Marin Scope: January 31 – February 6, 1990
Taking a more careful look at growth
Here in Marin County, new ideological lines are being drawn that blur the traditional party lines. People are less likely to describe themselves (or label their opponents) as Democrats or Republicans, but rather as pro- or no-growth, with the latter group carrying a solid majority. This shift is changing alliances as well. Affordable housing advocates and environmentalists, who in the past both occupied the liberal side of the Democratic Party, are now finding themselves at odds over decisions affecting how some of our undeveloped lands should be used.
In many cases, committing some of our open space lands to meeting the compelling social goal of providing enough housing for Marin’s future needs is of higher priority than preserving more open space, particularly when more than 84% of the County is permanently protected as open space. This is not to minimize the importance of efforts to save especially scenic or ecologically significant parcels, but rather to urge a more discerning and discriminating approach to planning open space acquisitions.
The cause of environmentalism has reached such epic proportions in Marin that the forces of politics and government are lined up solidly in favor of open space protection, and for once it is the would-be developer who’s the underdog. Agencies ranging from the Open Space District and BCDC to the planning departments of most of our cities are all looking out for open space interests, and now the Marin Conservation League is pushing for a new Countywide Planning Agency to deal with regional growth issues and transportation.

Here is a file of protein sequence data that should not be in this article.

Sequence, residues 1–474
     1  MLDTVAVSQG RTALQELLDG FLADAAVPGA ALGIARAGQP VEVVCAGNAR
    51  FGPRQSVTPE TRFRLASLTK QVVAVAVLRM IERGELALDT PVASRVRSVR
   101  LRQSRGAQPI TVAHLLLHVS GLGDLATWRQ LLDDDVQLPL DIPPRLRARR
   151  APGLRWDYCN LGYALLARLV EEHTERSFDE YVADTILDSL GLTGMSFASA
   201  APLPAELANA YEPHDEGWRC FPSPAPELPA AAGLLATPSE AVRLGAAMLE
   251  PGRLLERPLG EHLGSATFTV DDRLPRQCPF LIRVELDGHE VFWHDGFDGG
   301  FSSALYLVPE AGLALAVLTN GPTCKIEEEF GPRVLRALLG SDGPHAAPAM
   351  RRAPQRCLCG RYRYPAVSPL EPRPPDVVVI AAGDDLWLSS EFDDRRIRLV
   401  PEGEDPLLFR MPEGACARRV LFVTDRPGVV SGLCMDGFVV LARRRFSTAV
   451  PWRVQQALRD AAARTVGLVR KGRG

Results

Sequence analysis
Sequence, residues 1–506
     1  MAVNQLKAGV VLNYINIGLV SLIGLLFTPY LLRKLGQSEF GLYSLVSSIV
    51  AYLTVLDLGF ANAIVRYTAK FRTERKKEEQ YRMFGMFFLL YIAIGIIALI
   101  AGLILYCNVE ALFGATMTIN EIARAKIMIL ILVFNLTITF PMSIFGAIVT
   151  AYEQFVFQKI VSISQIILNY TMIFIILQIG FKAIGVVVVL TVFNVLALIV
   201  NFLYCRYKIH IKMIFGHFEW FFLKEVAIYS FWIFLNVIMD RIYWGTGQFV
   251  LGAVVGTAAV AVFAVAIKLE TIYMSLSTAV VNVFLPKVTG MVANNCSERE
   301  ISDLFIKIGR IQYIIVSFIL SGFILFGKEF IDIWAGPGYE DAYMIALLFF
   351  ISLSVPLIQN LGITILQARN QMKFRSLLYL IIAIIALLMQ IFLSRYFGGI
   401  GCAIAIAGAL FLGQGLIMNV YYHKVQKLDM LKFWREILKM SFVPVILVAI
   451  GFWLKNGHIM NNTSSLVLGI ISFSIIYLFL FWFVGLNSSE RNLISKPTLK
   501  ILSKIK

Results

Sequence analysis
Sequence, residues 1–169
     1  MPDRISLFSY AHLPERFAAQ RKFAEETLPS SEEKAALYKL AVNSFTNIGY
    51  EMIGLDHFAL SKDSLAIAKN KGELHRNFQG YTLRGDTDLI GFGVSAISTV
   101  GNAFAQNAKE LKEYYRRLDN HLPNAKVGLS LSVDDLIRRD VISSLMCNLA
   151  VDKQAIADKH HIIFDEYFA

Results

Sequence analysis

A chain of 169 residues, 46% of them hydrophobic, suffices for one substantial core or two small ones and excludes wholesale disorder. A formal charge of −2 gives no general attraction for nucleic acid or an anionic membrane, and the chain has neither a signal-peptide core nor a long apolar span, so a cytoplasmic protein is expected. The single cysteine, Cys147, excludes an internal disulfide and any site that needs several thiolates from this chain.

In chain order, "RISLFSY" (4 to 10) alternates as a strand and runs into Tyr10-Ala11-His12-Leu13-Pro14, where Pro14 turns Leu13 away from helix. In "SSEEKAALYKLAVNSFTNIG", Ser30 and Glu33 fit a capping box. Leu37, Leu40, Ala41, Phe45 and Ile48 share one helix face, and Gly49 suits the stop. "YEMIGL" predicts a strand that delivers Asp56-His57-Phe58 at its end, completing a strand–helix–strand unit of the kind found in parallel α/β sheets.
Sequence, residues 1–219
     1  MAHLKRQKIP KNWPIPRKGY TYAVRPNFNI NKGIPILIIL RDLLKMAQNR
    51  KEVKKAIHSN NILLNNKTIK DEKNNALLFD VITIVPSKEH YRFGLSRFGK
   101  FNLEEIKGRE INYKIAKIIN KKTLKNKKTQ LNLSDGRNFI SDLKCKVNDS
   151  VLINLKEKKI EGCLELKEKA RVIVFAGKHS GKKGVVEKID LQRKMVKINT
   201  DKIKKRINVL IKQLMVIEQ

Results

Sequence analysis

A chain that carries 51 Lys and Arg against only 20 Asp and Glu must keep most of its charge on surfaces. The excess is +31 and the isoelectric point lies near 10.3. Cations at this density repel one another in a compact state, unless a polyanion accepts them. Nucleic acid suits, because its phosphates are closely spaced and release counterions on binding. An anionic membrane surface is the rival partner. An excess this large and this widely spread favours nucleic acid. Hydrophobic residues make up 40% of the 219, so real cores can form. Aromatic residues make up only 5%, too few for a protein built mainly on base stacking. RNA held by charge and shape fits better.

Regional planning is probably a good idea, but only if it includes the proposition that we must protect the human environment as well as the natural one. Overdevelopment of commercial centers, which cities have approved in the move to recapture revenues lost from Proposition 13, and under-development of housing stock due to community opposition, have combined to create an imbalance between jobs and housing which upsets the pattern of orderly growth, frustrating planners and commuters alike. While we may not want newcomers despoiling our high quality of life here, we must remember that quality of life includes more than just green hillsides. Without more housing, we are losing our younger generation to adjacent counties and worsening our commute woes at the same time.
The North Bay Transportation Management Association is sponsoring a conference on regional land use on February 2nd. There, participants will have the opportunity to discuss sensible ideas for management of our remaining land resources with state legislators, planners and traffic abandon labels and just try to be good citizens by giving more careful thought to the growth/no growth issue, and look for ways to protect our total environment, not just the natural one.
Julie Rubenstein, an attorney, is a partner in Private Advocates, a public relations and government advocacy firm specializing in land use matters in Marin County,